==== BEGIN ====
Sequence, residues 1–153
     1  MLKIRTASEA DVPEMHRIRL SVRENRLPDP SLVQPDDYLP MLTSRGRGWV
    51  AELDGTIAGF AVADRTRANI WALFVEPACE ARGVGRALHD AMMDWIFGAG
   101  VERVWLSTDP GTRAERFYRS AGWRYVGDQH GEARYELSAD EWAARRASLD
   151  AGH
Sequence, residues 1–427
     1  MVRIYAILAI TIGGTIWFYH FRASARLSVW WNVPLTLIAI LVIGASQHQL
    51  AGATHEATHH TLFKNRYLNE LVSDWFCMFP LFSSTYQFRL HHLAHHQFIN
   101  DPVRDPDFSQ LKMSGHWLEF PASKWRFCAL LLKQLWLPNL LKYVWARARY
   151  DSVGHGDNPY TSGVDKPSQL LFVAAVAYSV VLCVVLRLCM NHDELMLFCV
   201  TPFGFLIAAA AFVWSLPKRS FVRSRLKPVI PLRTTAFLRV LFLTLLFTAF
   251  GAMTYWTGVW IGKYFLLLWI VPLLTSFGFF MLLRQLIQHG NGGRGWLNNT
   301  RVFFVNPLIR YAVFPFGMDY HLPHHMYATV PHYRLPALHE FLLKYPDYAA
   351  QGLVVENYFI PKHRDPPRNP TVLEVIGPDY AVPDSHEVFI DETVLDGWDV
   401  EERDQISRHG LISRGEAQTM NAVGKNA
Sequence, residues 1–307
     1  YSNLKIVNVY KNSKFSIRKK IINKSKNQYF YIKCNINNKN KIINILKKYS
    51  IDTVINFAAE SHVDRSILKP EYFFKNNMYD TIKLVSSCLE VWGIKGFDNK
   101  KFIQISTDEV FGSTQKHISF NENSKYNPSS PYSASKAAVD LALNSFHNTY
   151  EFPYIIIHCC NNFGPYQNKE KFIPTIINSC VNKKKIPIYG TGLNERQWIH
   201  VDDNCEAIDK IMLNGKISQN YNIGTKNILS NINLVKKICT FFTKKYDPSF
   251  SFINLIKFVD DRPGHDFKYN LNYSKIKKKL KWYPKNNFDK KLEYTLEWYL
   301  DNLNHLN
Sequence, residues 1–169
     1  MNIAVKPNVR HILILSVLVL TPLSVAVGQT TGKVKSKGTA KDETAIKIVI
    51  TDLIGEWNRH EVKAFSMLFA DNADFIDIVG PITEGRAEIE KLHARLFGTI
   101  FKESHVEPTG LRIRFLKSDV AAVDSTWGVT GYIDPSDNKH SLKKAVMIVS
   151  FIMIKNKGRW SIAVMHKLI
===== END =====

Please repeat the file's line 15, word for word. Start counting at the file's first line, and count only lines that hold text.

   401  EERDQISRHG LISRGEAQTM NAVGKNA